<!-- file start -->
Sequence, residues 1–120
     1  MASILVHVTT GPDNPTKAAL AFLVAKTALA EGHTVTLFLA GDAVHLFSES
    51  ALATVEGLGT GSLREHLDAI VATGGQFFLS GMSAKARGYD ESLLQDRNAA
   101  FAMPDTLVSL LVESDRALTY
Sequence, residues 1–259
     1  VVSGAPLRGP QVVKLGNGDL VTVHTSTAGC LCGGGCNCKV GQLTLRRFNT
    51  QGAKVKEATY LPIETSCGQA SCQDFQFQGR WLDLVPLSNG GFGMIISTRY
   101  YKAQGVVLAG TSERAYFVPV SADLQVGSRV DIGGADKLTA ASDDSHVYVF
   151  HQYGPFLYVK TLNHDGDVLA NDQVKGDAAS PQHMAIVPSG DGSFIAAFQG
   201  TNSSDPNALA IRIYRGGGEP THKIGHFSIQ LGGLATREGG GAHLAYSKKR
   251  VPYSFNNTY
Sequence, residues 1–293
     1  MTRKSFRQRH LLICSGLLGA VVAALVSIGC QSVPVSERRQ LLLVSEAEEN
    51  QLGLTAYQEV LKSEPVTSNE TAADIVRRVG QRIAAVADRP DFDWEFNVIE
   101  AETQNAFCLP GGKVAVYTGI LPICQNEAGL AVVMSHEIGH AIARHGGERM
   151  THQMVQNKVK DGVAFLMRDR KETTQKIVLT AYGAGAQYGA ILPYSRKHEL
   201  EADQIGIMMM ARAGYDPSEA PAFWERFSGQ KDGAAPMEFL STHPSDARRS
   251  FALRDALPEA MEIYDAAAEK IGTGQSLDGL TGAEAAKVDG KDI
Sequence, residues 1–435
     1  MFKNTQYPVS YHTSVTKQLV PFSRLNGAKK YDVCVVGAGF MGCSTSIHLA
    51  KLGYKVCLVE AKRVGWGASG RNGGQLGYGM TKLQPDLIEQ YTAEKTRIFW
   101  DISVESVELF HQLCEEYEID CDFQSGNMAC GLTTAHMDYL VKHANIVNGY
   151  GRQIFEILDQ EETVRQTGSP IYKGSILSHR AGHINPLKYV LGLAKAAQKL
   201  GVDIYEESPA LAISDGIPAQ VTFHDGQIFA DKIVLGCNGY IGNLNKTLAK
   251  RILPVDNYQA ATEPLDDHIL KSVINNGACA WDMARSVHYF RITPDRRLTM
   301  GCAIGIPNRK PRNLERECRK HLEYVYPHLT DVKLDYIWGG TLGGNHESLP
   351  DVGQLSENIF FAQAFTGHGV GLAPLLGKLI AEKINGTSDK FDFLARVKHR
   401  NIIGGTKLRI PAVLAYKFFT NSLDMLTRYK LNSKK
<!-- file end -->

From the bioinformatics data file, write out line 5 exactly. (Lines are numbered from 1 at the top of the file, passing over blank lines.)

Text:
Sequence, residues 1–259